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Magnus said schools had been receptive to having their games televised. LSU coach Les Miles would rather not have a spring game at all _ he believes it’s an inefficient use of limited practice time. But these scrimmages bring in big bucks for the top programs. So if he has to have one, Miles doesn’t mind it being on TV.

“Your guys love to play on television,” Miles said before Saturday’s game, which was shown on ESPN. “It gives you the air of a big game. Your guys want to play better.”

Still, coaches whose games are televised may be more likely to hold back certain plays they don’t want their opponents to see. Asked if he recorded Texas’ spring game, Oklahoma defensive coordinator Brent Venables deadpanned, “I don’t know if I did or not.”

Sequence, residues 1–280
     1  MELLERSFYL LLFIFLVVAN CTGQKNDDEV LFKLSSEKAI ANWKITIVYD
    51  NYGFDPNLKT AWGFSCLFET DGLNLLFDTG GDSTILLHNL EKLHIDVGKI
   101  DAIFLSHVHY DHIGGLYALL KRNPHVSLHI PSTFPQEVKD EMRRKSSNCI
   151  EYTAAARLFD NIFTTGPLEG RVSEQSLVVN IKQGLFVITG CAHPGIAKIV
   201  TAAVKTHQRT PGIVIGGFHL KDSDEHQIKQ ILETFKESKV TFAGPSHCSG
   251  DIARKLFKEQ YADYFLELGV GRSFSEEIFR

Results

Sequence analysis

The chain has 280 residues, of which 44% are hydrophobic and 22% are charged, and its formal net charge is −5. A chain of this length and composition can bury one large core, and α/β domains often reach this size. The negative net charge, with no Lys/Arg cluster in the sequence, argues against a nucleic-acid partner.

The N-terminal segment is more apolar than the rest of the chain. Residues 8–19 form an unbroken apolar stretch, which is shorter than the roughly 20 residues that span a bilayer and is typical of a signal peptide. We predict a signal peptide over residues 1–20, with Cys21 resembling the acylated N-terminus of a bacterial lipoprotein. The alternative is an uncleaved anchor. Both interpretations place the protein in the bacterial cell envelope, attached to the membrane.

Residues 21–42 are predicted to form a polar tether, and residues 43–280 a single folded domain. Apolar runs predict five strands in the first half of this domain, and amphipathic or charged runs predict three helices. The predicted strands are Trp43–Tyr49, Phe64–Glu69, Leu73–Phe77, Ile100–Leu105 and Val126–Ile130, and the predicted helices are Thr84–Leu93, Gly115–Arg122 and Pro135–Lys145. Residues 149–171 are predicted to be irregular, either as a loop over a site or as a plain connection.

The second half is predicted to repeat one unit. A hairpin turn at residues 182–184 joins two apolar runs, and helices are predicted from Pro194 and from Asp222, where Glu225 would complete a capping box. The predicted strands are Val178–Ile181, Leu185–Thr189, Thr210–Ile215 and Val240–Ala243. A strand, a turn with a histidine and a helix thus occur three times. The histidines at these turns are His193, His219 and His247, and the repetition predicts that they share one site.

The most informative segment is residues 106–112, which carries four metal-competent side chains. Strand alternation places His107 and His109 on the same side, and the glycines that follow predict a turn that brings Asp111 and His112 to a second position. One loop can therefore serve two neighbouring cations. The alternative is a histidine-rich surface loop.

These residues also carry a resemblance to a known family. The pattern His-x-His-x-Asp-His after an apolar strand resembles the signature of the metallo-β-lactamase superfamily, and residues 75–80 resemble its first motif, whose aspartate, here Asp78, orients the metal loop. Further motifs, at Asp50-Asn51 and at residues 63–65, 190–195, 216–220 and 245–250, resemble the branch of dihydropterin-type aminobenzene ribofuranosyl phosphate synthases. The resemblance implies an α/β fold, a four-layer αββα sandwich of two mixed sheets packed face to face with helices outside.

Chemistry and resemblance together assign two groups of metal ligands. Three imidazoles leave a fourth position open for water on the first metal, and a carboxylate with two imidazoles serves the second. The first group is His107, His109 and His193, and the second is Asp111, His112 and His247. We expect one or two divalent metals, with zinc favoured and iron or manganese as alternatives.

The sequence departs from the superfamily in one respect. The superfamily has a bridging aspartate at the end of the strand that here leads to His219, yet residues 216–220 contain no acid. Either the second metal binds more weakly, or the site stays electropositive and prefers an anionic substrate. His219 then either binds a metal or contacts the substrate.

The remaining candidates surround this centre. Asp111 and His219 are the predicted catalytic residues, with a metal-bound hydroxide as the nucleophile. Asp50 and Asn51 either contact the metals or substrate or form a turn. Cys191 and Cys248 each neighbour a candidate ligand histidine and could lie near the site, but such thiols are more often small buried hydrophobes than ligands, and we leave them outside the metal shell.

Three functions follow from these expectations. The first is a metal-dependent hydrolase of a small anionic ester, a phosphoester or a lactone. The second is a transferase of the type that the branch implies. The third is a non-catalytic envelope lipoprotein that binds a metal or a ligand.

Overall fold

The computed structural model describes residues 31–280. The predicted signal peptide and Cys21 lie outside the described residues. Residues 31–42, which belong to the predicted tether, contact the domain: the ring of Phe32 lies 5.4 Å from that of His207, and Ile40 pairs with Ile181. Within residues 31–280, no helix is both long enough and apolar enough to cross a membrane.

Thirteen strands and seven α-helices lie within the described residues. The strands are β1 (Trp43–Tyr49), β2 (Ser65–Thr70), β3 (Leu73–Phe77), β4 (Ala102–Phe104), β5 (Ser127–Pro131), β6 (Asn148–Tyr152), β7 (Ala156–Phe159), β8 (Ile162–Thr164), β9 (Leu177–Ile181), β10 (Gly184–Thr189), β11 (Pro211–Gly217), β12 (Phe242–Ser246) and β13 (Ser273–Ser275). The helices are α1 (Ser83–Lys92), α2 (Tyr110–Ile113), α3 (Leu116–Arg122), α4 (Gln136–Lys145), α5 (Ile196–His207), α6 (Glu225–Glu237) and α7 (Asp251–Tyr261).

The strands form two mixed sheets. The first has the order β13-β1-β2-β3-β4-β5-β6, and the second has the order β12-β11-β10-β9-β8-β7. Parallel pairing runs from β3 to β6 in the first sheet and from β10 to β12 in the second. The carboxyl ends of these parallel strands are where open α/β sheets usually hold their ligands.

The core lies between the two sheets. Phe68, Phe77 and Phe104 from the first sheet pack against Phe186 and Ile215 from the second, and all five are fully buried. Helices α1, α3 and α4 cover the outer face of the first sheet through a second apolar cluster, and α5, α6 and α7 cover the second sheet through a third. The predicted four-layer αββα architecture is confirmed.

“Were they on?” he asked to the laughter of reporters.

From the Sooners’ standpoint, Venables said, “I think we’re on TV as much if not more than anybody and we get plenty of exposure.”

Nebraska athletic director Tom Osborne, the Cornhuskers’ former coach, was concerned televising the spring game would hurt attendance _ which has been more than 77,000 in recent years. Osborne said the school makes $700,000 to $800,000 in revenue from the game.

Coach Bo Pelini will be able to tune into his new conference’s network to watch the scrimmages of all his Big Ten counterparts. Plenty of passionate, midwestern football fans are sure to do so.

They might even see something eyebrow-raising, like last Saturday when Purdue’s Carson Wiggs connected on a 67-yard field goal _ yes, 67.

“Even though it’s not the most exciting broadcast or the most exciting brand of football,” said ESPN analyst Todd Blackledge, who called Saturday’s LSU game, “it kind of feeds that animal of college football.”


AP Sports Writers Jeff Latzke in Norman, Okla., and Eric Olson in Lincoln, Neb., and AP freelance writers Mark Bradford in South Bend, Ind., and Bryan Lazare in Baton Rouge, La., contributed to this report.